A few days later Gov. Spitzer issued a statement vetoing the proposed bill. The August 28, 2007 veto message included the words:

"The bill would amend New York's adverse possession statutes to provide that a possessor's actual knowledge of true ownership of property will bar a claim of title by adverse possession. Although at first blush this would seem to be a logical improvement to the law, in reality this change would have a radical impact on New York's adverse possession laws, and both the Real Property Section of the New York State Bar Association and the Property Rights Foundation of America have urged that this bill be vetoed."

The governor's veto message developed very important points, including:

"This bill could have significant adverse consequences for New York property owners. The addition of a 'knowledge' element to the statute of limitations would likely result in extensive litigation of virtually every adverse possession claim, and thus would undermine the certainty that the statute of limitations was established to provide. The protections against future litigation that a statute of limitations affords will be unavailable for this class of title claims, which could also impact the availability and cost of title insurance."

The issuance of the veto message was followed by two telephone calls here from the legislature: an angry call from then-Assembly Member Theresa Sayward, who represented the area of upstate New York that includes the town of Queensbury and the location of PRFA, and a much more agreeable call from a prominent staff member from the office of Sen. Little, who is an esteemed friend and resides nearby in Queensbury.

The call from Sen. Little's office went this way: Staff member: Why didn't you telephone us that you were opposed? My response: I didn't know that you could pass anything like this in both houses. Staff member: I can't argue with that.

But the relief afforded by the veto was short-lived. During the next session of the legislature, the bill was introduced again under Sen. Little's sponsorship. According to reports, the Real Property Law Section of the New York State Bar Association suggested amendments, which were incorporated and then altered. This went around a second and third time. The bar association committee could do no more. There was no hope.

The bill rolled through both houses with almost no opposition and was signed into law in July 2008 by Governor David Patterson. The bill's many gross deficiencies include a rule that "fences, hedges, shrubbery, plantings, sheds and non-structural walls, shall be deemed to be permissive and non-adverse." Hedge rows and "non-structural" stone walls have been used as boundary lines since time immemorial.

Stone boundary walls serve as "landmarks" protected at least as far back as the time when the book of Deuteronomy in the Bible was written: "Thou shalt not remove thy neighbor's landmark, which they of old time have set…" (Deut. 19:14 KJV)

These agenda-driven revisions to the law of adverse possession eliminated the clarity of the defense, honed over centuries of use, by the occupying party even when the deed clearly spells out another boundary. However, no law can be retroactive, and the ten years are still valid under the old law if they accrue before the bill passed.

This was exactly the case for Bill Cullen. The house had stood on that spot on his side of the wall for seventy years before Jets star Sam DeLuca bought the property next door. Trouble began in 2001. After Mr. DeLuca was unsuccessful in his attempts to buy the Cullen property, he then claimed a boundary line going straight through Bill Cullen's and his wife's kitchen and living room. A revised survey produced by Sam and Diane DeLuca claimed that the boundary line went three feet into Mr. Cullen's house.

Litigation began immediately and the federal court in Westchester ruled in support of Mr. DeLuca and his family. Mr. Cullen alleges that corruption is behind the ruling.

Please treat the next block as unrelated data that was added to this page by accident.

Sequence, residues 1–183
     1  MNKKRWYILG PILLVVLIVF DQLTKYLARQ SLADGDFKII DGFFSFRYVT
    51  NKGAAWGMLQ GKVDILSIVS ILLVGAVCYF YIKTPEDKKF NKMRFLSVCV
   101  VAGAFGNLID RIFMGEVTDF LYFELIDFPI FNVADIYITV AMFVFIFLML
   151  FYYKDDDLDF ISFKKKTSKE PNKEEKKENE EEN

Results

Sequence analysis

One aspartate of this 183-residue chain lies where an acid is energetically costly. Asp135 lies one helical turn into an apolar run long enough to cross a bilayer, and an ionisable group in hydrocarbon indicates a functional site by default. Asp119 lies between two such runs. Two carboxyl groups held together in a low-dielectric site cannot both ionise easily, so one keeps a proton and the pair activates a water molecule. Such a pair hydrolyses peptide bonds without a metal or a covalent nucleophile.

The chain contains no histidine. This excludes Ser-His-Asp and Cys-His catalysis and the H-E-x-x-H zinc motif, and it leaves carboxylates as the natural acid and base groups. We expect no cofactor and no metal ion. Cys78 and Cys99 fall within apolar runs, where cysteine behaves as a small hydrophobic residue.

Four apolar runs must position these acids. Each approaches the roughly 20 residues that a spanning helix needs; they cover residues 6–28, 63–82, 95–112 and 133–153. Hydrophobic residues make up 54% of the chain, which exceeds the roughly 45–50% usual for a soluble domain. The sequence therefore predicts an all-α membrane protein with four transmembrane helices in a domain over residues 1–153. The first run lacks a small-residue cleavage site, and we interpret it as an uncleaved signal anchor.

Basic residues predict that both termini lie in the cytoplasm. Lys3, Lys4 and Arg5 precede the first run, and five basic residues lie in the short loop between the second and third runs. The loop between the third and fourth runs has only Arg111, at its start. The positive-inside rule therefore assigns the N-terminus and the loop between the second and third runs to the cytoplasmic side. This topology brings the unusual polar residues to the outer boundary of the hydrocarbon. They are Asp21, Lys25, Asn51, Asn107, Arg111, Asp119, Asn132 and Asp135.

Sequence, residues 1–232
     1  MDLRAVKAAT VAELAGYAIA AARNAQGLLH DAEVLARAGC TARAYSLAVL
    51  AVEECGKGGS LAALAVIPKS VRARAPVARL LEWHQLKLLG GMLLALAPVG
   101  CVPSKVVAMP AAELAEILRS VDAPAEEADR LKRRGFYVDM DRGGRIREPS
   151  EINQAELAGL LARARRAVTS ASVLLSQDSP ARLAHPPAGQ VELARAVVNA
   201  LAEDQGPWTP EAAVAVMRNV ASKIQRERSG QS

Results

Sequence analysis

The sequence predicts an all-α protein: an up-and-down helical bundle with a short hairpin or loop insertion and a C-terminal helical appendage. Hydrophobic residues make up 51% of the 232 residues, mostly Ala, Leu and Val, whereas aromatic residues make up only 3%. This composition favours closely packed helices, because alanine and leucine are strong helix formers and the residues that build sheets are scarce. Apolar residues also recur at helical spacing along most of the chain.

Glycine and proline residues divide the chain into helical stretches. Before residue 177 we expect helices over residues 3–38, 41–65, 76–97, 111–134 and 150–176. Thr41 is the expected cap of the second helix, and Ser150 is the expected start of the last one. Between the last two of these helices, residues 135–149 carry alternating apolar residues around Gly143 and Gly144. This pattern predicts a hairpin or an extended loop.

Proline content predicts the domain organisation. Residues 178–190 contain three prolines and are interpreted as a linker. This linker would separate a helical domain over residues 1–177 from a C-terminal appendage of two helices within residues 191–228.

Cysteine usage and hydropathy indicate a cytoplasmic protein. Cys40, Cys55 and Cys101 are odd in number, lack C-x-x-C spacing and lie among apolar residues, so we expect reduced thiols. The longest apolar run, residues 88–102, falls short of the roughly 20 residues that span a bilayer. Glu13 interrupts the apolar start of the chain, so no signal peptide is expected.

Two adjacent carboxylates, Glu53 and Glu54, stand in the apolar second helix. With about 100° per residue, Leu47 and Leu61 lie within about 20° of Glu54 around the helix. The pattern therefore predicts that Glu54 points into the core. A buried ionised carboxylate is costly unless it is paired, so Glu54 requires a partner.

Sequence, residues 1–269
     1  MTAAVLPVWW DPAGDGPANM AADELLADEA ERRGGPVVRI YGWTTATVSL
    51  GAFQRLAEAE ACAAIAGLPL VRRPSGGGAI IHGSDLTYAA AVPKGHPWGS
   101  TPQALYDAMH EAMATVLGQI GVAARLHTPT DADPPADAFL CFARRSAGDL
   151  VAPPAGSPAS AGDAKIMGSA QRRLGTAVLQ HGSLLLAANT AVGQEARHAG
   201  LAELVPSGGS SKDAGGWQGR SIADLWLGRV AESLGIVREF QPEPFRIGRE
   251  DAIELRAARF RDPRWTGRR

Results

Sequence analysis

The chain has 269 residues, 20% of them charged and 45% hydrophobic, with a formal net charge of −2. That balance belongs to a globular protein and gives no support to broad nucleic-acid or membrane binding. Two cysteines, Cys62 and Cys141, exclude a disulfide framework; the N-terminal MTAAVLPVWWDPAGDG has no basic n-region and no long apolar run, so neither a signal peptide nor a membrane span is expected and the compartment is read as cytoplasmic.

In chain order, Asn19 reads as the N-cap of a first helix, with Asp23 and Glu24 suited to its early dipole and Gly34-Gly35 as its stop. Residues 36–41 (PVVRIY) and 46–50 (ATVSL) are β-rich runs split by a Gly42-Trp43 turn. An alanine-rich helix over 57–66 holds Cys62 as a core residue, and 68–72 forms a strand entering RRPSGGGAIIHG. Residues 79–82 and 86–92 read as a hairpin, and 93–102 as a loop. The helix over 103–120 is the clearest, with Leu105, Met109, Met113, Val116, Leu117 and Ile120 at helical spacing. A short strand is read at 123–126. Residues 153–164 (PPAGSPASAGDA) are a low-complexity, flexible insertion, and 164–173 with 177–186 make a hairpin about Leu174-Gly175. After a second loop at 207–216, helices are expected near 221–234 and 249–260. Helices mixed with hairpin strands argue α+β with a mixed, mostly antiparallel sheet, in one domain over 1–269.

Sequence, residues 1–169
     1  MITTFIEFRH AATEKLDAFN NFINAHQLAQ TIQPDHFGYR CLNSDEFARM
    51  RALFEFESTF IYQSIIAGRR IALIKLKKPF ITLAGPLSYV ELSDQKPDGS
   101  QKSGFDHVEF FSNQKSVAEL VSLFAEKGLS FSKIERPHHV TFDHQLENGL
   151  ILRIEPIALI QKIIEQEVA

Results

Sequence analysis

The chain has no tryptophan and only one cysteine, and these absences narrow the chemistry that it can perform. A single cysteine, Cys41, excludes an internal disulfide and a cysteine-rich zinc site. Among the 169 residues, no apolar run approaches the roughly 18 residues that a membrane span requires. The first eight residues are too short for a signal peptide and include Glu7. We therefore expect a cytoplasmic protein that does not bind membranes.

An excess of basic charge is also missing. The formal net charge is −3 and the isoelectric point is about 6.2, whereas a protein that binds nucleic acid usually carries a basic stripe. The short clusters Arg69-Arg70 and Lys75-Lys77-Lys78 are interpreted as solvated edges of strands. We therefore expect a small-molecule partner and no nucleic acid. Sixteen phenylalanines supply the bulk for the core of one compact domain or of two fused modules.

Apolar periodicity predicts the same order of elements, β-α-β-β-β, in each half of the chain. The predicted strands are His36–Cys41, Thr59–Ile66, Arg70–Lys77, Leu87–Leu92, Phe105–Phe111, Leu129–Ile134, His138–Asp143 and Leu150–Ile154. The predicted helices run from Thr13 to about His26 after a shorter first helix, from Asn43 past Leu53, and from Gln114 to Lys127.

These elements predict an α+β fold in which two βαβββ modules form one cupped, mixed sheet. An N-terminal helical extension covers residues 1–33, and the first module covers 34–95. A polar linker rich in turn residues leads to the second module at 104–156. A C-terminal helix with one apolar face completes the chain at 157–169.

Judge Seibel, who ruled recently in the long legal dispute, seems to not understand that the ten years had passed long before the new law muddied the law of adverse possession. Her ruling made the Cullens prisoners in their house, unable to walk outside the wall nearest the DeLuca place to do routine maintenance without risking arrest

In a burst of hope spurred by recent media coverage including a feature article in the New York Daily News on October 22, 2013 Bill Cullen wrote her a letter on October 25, asking her to reconsider the evidence and revive the case. In summary, he stated:

"A simple review of the undisputed fact that the stone wall existed between the two homes for over 70 years, in light of well settled adverse possession law, renders all subsequent disputed issues incidental."

Responding to his letter, the federal judge issued a revised decision as a letter allowing the Cullens' house to stand and allowing them to use all of the interior but not allowing any access around that side of the house for exterior maintenance. In effect, her judicial letter creates a new boundary that is not a straight line like the old wall but a line from the shore that proceeds straight until it reaches the house, then wraps around the house, and then proceeds further along the survey line to the corner. Her letter basically allows the Cullens to occupy the interior of their house, even where the survey line would cut through the house, but interferes with the external ownership rights, an unworkable situation.

This lunacy is in contravention to the law of adverse possession—still in effect for ten-year occupancies prior to 2008—and also in contravention of established law respecting boundary walls, even though the new law states that they are not to be counted after 2008 toward the ten years to accomplish adverse possession.

In the meantime, Bill Cullen is in the position of so many landowners in countless situations where a deep-pocketed interest party or a government body rides roughshod over a person's constitutional property rights and leaves him facing the high cost of litigation to protect his just interest.

In the future, the confusing muddle that aggressive neighbors will have at their disposal to stop a neighboring property owner from settling the title to the land that he occupies will increasingly end up in court—where long-ignored written documents, ancient knowledge, beliefs, and memories will be argued about, while clearly visible physical evidence will be inadmissible.